The Biomag people are so convinced that sleeping on a magnetic surface has proven health benefits that they freely advertise these. But medical claims require rigorous proof, and even though it is well marketed and probably a nice sleep, the ASA isn’t buying their bullshit
The Complaints Board then turned to consider the claim in the FAQ section of the website that said: “Your BioMag mattress pad will not only ease your pain, but an increased production of melatonin will help you get a deeper, restorative sleep.”
Looking at the substantiation provided by the Advertiser, the Complaints Board noted that while there was some evidence to support the role of magnetic energy and the production of melatonin, those studies were clear that this link was yet to be verified, however, in the Complaints Board’s view the evidence that did exist could not be extrapolated to support claims about the influence of the BioMag on melatonin.
Given the high standards of social responsibility required for therapeutic claims the Complaints Board said the evidence supplied by the Advertiser was not of sufficient rigour to substantiate the claims on the website. Therefore, the Complaints Board ruled that, the website advertisement was in breach of Principles 2 and 3 of the Therapeutic Products Advertising Code.
Accordingly, the Complaints Board ruled to Uphold the complaint.
Good on them too.
Just because Biomag are the upmarket version of snakeoil medical cures doesn’t mean they should be allowed to get away with unproven claims.
Here’s a reminder of similar products in that category that had to bite the dust
I don’t think this would surprise anyone, but PowerBalance—manufacturers of plastic wristbands with hologram stickers on it—have admitted that there’s “no credible scientific evidence that supports [their] claims and therefore [they] engaged in misleading conduct.” Here’s their statement:
In our advertising we stated that Power Balance wristbands improved your strength, balance and flexibility.
We admit that there is no credible scientific evidence that supports our claims and therefore we engaged in misleading conduct in breach of s52 of the Trade Practices Act 1974.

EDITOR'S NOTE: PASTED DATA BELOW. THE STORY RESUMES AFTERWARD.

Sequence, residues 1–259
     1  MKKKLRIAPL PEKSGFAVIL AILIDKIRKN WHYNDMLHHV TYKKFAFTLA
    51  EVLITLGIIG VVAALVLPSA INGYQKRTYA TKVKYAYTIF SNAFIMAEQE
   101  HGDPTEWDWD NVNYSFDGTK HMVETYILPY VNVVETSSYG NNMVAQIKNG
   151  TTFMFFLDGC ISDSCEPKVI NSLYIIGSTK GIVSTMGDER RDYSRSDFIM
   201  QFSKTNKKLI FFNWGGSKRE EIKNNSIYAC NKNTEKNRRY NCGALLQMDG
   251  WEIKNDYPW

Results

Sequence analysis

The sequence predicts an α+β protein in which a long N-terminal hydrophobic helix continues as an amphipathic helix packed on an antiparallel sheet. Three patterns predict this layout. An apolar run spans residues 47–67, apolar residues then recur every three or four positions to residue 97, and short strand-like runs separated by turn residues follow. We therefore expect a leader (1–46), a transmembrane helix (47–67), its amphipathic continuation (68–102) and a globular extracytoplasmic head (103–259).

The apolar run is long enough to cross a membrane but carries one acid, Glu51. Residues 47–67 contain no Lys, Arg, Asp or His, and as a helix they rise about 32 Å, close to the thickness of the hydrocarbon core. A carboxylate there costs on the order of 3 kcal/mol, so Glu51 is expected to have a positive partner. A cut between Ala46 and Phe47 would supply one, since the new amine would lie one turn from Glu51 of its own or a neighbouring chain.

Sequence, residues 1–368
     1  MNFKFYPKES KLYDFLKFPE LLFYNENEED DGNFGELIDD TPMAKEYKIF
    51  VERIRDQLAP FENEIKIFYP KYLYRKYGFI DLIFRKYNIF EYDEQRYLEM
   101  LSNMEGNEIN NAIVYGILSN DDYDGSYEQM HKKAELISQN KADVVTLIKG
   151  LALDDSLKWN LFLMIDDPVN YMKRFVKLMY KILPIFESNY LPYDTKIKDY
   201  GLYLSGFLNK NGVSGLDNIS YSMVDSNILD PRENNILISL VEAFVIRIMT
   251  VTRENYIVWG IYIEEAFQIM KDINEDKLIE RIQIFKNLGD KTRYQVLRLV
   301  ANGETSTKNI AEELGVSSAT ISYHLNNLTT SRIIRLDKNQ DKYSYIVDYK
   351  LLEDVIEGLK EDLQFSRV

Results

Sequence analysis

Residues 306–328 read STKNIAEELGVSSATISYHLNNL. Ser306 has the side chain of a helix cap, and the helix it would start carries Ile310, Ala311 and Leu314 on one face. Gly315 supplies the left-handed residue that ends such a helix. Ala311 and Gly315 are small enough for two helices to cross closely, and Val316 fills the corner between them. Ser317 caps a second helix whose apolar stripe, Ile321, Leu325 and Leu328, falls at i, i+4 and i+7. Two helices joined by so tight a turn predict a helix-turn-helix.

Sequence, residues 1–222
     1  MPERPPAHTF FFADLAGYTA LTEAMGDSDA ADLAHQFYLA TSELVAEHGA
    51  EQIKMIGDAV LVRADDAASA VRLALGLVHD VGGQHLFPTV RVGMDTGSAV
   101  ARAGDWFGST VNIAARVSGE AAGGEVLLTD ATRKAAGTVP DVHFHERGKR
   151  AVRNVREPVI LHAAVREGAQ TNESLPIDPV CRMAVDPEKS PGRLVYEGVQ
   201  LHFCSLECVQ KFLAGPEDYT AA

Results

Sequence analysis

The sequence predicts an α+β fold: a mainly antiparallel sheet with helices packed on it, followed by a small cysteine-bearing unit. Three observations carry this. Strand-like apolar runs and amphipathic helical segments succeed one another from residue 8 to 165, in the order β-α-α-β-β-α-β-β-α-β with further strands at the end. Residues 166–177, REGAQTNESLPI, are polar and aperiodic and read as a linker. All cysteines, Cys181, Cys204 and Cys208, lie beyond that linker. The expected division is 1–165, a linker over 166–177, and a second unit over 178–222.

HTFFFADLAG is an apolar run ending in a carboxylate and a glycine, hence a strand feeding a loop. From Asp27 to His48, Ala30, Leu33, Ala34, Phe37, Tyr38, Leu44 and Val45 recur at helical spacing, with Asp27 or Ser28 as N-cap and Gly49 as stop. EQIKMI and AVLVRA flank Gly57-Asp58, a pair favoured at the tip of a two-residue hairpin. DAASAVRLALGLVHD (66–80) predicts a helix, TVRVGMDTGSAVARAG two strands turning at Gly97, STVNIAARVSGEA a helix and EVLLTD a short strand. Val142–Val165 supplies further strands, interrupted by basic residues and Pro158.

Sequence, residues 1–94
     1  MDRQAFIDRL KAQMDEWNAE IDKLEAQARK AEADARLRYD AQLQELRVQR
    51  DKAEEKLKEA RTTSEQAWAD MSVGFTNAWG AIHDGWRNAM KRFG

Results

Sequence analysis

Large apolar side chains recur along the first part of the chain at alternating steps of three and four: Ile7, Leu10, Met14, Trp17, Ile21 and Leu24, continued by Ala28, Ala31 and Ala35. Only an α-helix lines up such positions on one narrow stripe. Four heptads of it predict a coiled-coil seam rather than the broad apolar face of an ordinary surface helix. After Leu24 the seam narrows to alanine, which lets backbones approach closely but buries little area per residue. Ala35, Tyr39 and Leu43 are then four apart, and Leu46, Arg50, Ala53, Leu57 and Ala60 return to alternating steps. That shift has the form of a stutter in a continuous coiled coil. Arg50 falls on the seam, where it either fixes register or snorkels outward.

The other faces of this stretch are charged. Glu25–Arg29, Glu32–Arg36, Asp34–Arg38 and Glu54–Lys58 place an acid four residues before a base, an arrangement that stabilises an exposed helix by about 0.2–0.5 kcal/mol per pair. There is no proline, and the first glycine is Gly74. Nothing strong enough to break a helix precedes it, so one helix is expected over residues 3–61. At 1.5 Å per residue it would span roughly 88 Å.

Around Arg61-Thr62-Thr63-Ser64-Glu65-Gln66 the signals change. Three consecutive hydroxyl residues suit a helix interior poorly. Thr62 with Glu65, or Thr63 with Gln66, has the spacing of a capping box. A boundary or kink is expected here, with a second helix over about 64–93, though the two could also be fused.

If you feel you have been misled by our promotions, we wish to unreservedly apologise and offer a full refund.
and here is another
Magnetic Healing: An Old Scam That Never Dies
Magnetic charms, bracelets, insoles, and braces remain popular and are sold with claims that they improve athletic performance, relieve arthritis pain, increase energy, and pretty much treat whatever symptoms you might have. These products may seem modern and high-tech, but similar devices and claims have been around for centuries.
Electromagnetism is the real energy of life, and therefore it is very plausible that all sorts of magnetic and electrical interventions will be useful for diagnostic and therapeutic purposes. But this potential also opens up a market for countless quack magnetic devices that exploit this appeal. You can buy what are essentially refrigerator magnets to strap to your elbow or knee or put in your shoe or under your pillow. These static magnetic fields have no demonstrable effect on blood flow or living tissue, and their fields are so shallow that they barely extend beyond the cloth in which they are encased, let alone to any significant tissue depth. The scientific evidence for their efficacy is negative (Pittler et al. 2007). Even more absurd are magnetic bracelets that are supposed to have a remote healing effect on the body. Their plausibility plummets even further.
It is eternally frustrating that scientific evidence and academic acceptance of medical claims seem to have no bearing on the marketing and popular appeal of those claims. This disconnect appears to be especially true of claims for magnetic devices and treatments-and it has survived for centuries.
Doesn’t stop the Biomag people though. They’re making good coin out of their
false clinically unproven hopes:
This is how much Biomag believes in their own products.
There are no moving parts in a magnet. Magnets do not need repair or maintenance. Yet you only get 60 days to make a claim that the product is somehow not living up to the claims or is “faulty” in some way.